Greg: TeachQuest is tailored for educators. It provides productivity tools for teachers and management tools for administrators. For example, when a school buys a site license, the principal gets a dashboard that allows them to access all of their teachers’ plans. Stacks of printed lesson plans are replaced by one automatically generated screen that provides data about plans and allows a principal to quickly access an individual teacher’s plans when doing a classroom visit.
Victor: What are your thoughts on education these days?
Greg: I think it’s a bright day for education. Sometimes the focus, like so many other things these days, is on the negative. People focus on the few teachers who under perform, on scores that might be lower than we’d hope, and on comparisons between the United States and other countries. I’m not saying that these challenges don’t exist, but look at what has been accomplished over the past 10 years.
We now have data systems that allow us to track the individual learning of students.
We have teachers that are trained to use those tools and provide instruction that is more responsive to the needs of their students.
As a result teachers can tailor instruction to actual day-to-day needs rather than simply move on a straight path through the curriculum. Kids win here as instructional time focuses on improvement.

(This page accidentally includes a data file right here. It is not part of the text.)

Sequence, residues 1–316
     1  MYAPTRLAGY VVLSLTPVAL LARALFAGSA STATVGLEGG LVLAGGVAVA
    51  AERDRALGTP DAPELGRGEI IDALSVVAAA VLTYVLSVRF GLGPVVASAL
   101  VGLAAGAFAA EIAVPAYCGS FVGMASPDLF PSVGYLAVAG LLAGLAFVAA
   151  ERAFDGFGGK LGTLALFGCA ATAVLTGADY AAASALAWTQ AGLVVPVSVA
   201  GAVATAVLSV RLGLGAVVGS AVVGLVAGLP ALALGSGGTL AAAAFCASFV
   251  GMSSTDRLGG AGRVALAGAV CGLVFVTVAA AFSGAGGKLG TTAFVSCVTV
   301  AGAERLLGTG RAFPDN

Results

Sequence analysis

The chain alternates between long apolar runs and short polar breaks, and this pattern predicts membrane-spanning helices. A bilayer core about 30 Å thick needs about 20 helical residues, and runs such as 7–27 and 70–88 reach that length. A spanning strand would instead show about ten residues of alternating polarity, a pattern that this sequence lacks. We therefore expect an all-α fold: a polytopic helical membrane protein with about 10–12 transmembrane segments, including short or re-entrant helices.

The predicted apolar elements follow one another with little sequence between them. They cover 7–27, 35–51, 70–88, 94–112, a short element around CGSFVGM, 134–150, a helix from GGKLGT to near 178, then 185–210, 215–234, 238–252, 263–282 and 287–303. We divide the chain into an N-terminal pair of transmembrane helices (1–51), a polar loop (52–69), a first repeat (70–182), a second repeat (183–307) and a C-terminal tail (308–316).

We have tools that allow for instruction to continue beyond school hours to support kids at home when they are stuck on individual problems. Kahn’s Academy is a great example here. We hope that Planbook will facilitate a similar approach by allowing teachers to attach media to plans and share it with their kids.
We have the wide-scale adoption of Common Core standards that will make teaching and learning more comparable across the country and drive the development and adoptions of textbooks on a national level. Planbook supports this by allowing teachers to easily index Common Core Standards to their lessons.